Alexandre T. Rotta, MD, FCCM, was recently named chief of the Division of Critical Care Medicine in the Department of Pediatrics, effective March 1, 2019.
After completing a medical doctorate at Universidade Federal do Rio Grande do Sul in his native country of Brazil, Dr. Rotta completed residency training in Pediatrics at Children’s Hospital of Michigan/Wayne State University where he was also chief resident. He then completed postgraduate fellowship training in Pediatric Critical Care at the Children’s Hospital of Buffalo. Here, he developed a passion for cardiorespiratory physiology and began pursuing research interests in mechanical ventilation and perfluorochemical-assisted gas exchange.
Following faculty appointments at the Wayne State University School of Medicine, State University of New York at Buffalo School of Medicine and Biomedical Sciences, University of Texas Medical Branch, and the Indiana University School of Medicine, he has spent the last five years as the Linsalata Endowed Chair in Pediatric Critical Care and Emergency Medicine and chief of the Division of Pediatric Critical Care at Case Western Reserve University School of Medicine. In addition, he has spent the last two years as interim chief of the Division of Pediatric Emergency Medicine at the Rainbow Babies and Children’s Hospital in Cleveland.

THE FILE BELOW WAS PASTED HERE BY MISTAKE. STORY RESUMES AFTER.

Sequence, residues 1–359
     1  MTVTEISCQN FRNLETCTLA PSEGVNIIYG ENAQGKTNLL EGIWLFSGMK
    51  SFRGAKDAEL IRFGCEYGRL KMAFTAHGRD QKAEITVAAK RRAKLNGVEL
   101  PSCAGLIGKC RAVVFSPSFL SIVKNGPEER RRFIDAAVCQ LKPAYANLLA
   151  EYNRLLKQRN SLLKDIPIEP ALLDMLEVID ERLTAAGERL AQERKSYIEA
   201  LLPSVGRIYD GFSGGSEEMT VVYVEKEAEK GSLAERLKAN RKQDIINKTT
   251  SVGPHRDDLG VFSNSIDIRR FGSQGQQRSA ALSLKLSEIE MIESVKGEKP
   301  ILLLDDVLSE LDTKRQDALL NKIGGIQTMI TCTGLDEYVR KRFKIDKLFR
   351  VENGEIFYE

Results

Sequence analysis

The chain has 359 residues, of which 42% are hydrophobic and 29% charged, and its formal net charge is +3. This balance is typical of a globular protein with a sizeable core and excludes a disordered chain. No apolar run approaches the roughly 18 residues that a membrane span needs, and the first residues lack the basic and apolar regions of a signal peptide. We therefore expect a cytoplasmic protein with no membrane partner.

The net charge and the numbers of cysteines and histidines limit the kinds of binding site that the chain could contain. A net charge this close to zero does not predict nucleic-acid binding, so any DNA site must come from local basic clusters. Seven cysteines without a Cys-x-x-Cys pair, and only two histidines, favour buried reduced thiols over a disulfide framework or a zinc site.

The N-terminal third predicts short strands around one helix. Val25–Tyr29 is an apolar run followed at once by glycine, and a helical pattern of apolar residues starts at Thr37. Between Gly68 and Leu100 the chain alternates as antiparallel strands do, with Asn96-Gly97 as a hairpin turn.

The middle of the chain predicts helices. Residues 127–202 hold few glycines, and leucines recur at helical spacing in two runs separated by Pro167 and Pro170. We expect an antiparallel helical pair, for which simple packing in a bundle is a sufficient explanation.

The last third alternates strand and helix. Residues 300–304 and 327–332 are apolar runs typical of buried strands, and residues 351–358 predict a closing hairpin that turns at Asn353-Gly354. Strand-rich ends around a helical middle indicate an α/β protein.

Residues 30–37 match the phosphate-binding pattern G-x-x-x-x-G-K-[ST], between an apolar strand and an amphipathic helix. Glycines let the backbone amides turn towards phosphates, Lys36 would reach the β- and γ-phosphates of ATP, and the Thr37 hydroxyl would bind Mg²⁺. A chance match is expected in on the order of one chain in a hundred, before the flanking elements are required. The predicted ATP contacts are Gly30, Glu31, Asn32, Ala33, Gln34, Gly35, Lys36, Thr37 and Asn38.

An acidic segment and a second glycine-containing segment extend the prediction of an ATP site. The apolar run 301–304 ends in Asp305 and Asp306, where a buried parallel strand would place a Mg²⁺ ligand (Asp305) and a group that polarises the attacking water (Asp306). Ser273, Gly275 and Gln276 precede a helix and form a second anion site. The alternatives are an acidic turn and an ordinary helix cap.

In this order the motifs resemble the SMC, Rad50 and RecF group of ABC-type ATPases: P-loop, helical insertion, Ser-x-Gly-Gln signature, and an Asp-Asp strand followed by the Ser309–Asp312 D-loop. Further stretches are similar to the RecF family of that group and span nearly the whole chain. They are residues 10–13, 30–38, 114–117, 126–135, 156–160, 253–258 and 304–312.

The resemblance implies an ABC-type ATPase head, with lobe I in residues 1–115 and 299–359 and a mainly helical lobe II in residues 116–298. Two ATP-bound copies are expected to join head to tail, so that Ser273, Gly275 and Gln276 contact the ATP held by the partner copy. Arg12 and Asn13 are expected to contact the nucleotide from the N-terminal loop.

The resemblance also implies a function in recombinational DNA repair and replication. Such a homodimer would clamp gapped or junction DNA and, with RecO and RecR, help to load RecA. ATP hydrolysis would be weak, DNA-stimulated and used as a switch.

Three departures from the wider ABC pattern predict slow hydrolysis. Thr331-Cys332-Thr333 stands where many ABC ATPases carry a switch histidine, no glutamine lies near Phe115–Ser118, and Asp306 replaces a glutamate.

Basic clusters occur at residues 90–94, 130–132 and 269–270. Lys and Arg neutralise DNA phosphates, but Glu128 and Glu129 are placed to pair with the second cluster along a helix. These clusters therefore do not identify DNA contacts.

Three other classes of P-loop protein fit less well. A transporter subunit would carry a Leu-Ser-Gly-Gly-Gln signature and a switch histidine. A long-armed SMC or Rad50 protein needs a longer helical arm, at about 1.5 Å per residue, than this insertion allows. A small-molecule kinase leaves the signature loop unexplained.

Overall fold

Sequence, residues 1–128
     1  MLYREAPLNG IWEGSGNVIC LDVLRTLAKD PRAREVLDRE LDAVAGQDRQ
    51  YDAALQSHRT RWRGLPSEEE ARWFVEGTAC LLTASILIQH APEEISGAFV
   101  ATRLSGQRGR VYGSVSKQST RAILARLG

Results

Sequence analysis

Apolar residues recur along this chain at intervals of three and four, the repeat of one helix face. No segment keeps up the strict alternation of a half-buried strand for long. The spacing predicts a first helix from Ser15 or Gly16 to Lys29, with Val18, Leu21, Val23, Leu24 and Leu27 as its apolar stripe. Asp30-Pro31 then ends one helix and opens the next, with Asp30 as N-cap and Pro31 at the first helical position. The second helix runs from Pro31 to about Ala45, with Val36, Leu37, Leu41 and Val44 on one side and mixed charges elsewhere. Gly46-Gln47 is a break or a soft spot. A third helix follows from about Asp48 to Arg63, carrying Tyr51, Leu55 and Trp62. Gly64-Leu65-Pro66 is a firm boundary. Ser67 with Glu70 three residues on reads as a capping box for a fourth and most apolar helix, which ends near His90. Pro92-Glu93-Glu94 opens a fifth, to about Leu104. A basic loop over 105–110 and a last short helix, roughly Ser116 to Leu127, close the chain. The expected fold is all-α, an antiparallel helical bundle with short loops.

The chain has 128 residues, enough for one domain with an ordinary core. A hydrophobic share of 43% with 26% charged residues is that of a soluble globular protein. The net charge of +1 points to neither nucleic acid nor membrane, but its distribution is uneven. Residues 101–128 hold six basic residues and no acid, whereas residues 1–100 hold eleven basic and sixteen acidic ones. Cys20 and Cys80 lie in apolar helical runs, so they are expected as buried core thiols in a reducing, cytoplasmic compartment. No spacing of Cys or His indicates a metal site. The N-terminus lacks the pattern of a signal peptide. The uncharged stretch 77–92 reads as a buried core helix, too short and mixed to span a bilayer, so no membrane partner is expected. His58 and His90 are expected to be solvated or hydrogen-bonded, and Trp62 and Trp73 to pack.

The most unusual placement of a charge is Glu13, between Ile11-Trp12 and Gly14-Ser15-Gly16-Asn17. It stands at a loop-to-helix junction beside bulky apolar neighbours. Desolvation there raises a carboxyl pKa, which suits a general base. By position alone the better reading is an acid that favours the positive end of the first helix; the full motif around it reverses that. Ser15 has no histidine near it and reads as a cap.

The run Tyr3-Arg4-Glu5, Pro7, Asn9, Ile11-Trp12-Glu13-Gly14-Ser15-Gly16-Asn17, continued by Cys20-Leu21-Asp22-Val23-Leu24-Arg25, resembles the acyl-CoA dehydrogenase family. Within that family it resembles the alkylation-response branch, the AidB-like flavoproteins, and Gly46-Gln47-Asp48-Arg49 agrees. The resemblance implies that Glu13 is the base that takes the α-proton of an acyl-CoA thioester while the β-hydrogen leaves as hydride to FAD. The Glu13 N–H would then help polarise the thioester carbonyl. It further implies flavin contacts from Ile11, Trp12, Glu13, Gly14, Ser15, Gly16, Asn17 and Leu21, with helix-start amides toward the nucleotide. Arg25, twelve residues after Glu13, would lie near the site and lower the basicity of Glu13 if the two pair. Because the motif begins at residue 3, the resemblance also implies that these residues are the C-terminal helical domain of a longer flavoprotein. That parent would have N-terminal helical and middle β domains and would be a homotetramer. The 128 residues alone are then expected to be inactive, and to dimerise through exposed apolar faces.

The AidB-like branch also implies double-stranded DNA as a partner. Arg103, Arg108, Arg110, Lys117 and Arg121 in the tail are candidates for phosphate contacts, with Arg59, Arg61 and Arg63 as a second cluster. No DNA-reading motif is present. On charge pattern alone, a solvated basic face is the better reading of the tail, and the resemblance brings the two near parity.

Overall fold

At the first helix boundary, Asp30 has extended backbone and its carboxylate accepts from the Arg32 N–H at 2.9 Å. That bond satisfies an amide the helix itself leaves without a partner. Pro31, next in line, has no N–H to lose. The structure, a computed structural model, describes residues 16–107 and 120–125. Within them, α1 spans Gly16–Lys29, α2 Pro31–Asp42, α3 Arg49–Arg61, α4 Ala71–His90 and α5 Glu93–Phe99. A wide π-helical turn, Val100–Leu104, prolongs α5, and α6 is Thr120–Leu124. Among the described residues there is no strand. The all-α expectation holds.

Dr. Rotta has authored or coauthored more than two dozen textbook chapters and nearly 150 papers and abstracts in peer-reviewed journals, primarily about mechanical ventilation in infants and children. He also is a frequent invited presenter at medical meetings and symposia across the United States and internationally, including several presentations at Beijing Children’s Hospital, Beijing, China as well as many at hospitals and universities in his native Brazil. He is a reviewer for many of the leading medical journals in his field, including Critical Care Medicine, Pediatric Critical Care Medicine and the Journal of Critical Care. His current research interests include neurocognitive effects of critical illness, the impact of social determinants in pediatric critical illness, pediatric in-flight medical emergencies, and answering clinically-relevant questions using large datasets.
Dr. Rotta’s impressive strengths as a clinician, researcher, educator and mentor make him the ideal leader for our Division of Pediatric Critical Care Medicine, and we are fortunate that he will be serving in this new role in the department," says Ann M. Reed, MD, Samuel L. Katz Professor of Pediatrics, chair of the Department of Pediatrics, and physician-in-chief of Duke Children's.